Among its partners are the Global Humanitarian Forum, Oxfam International, Greenpeace, Union of Concerned Scientists, Amnesty International, World Wide Fund for Nature, Centre for Social Markets, International Institute for Environment and Development and the climate crisis film, The Age of Stupid.
The TckTckTck website functions as a platform for organisations and individuals to add their names to its global call for a fair, ambitious and binding climate deal, which is defined as follows:
Ensure that global greenhouse emissions peak no later than 2017 and then decline steeply on a pathway to ensure concentrations of less than 350 parts per million in the atmosphere.
Create a pathway to clean jobs and clean energy for all.
Establish necessary conditions for a sustainable and prosperous future for people, flora and fauna.
Reduce developed country emissions by at least 40% by 2020.
Enable and support poor countries to adapt to the worst consequences of the climate crisis, reduce their emissions and ensure technology sharing including through the provision of sufficient public funds.
Protect marginalised communities in rich and poor countries.
Agree to a legally binding international agreement that can be verified and enforced.
Social networks like Facebook, Twitter and MySpace and file-sharing sites like YouTube and Flickr are used to spread the message, keep communities connected and share stories on how they are addressing climate change.
“We are asking the public to visit TckTckTck.org and add their name to our global call,” it said. It will present the list of names to the UN and heads of state in the lead-up to the Copenhagen talks, to show the number of people and organisations who support its call for a fair and ambitious climate treaty.
Seal the deal
UN-led Seal the Deal has set up an online petition urging world leaders to “seal a deal to power green growth, protect our planet and build a more sustainable, prosperous global economy that will benefit all nations and people”. Here’s its ideal deal:
The agreement in Copenhagen needs to focus on:
What industrialized countries will do, through individual targets, to reduce greenhouse gas emissions
What developing countries will do to limit the growth of their emissions
What finance will be made available since developing countries cannot be expected to act without support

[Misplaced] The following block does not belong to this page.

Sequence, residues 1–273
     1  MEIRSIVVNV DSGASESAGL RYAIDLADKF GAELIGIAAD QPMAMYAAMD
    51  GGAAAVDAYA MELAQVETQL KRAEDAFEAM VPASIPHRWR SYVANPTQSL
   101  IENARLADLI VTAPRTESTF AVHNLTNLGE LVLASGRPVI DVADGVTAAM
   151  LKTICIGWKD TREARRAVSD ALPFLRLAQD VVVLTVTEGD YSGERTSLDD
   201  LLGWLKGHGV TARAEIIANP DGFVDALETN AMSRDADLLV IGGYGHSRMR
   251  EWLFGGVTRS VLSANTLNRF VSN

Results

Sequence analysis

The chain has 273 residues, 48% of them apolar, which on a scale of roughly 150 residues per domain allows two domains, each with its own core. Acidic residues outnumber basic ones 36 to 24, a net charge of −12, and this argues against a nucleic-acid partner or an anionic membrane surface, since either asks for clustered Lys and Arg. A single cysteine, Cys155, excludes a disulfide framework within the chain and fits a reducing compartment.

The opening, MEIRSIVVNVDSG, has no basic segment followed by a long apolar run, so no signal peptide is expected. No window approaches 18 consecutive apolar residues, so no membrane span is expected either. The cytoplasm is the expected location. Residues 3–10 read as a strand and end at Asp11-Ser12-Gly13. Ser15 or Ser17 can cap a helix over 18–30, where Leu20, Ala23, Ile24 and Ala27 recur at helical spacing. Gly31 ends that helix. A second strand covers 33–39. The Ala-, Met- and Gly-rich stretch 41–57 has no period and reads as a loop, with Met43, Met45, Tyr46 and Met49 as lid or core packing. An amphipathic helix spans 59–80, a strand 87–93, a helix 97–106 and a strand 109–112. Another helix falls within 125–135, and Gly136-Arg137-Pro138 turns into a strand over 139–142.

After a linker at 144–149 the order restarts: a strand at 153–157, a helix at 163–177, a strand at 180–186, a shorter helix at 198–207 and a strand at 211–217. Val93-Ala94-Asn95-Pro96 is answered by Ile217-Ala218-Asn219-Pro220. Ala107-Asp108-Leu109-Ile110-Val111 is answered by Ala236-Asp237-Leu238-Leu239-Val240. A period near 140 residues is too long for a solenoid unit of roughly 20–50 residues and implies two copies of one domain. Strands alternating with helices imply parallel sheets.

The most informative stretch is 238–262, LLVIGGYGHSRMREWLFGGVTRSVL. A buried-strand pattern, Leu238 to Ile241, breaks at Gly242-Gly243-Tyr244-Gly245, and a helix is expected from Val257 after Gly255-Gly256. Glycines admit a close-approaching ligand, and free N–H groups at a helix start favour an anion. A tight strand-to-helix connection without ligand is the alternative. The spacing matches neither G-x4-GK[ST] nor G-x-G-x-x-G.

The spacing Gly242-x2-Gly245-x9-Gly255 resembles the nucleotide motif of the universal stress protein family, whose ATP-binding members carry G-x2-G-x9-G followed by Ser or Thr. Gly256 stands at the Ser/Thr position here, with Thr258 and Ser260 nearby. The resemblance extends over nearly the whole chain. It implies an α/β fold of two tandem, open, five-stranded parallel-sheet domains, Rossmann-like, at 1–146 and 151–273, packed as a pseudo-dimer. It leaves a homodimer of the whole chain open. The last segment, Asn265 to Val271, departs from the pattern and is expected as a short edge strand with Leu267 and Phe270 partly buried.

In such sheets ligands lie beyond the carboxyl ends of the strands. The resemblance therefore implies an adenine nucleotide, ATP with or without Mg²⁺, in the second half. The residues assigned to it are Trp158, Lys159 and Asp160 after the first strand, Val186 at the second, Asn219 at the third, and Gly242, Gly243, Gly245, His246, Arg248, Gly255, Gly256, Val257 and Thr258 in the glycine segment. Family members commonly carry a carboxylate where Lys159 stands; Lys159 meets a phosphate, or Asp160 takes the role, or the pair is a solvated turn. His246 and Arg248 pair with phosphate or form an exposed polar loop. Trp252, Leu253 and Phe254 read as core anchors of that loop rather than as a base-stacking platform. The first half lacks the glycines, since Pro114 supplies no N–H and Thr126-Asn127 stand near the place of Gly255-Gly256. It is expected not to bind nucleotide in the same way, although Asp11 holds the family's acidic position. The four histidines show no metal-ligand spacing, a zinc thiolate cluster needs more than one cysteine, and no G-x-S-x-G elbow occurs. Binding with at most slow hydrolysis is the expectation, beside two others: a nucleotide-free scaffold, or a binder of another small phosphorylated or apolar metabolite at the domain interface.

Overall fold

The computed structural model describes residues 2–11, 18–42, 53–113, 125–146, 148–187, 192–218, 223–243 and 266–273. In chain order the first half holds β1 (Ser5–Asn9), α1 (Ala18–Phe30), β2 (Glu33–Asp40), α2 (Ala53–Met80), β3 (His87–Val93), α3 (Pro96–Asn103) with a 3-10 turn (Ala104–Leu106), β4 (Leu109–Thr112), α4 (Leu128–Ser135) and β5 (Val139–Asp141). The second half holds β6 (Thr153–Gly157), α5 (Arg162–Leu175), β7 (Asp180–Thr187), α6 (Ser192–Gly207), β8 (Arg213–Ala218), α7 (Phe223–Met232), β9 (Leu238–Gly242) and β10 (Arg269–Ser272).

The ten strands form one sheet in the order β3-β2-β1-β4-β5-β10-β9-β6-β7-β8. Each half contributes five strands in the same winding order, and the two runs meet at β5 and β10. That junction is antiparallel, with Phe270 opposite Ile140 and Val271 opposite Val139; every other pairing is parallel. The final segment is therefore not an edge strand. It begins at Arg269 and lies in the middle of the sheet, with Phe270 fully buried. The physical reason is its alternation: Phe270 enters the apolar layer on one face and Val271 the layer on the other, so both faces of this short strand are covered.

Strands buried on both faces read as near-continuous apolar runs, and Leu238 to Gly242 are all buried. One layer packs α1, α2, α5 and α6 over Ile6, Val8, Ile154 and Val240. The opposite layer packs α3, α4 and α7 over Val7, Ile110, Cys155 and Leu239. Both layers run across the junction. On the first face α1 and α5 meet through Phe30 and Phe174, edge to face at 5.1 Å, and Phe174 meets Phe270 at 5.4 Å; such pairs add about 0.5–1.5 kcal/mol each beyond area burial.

An efficient institutional mechanism for disbursing funds and an equitable, accountable, governance structure
A framework must be established that will bolster the climate resilience of vulnerable countries and protect lives and livelihoods
Stop talking, start planting
Plant for the Planet’s Felix Finkbeiner meets Germany’s Environment Minister Sigmar Gabriel and Al Gore, who produced
An Inconvenient Truth (© Plant for the Planet)
For some, all this climate talk is just that: talk. “Everyone loves to talk about the climate crisis. But talking alone isn’t going to stop the glaciers from melting. Or the rainforests from disappearing. And each time adults just talk and don’t act, it’s up to us, the children, to take matters in our own hands,” says the Plant for the Planet student initiative.
Spearheaded by 11-year-old Felix Finkbeiner from Germany, the initiative aims to get children from all over the world to pledge and plant one million trees in their respective countries over the next three years. His idea caught the attention, and support, of the UN’s Billion Tree Campaign.
The Plant for the Planet website keeps tabs on the number of pledges and trees planted, and puts up stories on planting activities by different groups. As of 28 Sept 2009, it has pledges from 132 kids from 56 countries.
Children planting trees in Berlin, Germany (© Plant for the Planet)
These kids aren’t naive. “We know that planting trees won’t take care of all the problems we have on our planet … We children plant trees because we want to be connected worldwide and show that everyone can and must do something to save our planet and future,” Plant for the Planet said.
While the adults try to hammer out a deal in Copenhagen, at least something practical is being done to increase the tree population to absorb CO2 emissions.
Cindy Tham has no green thumbs and needs to find a sturdy tree species to plant in her yard.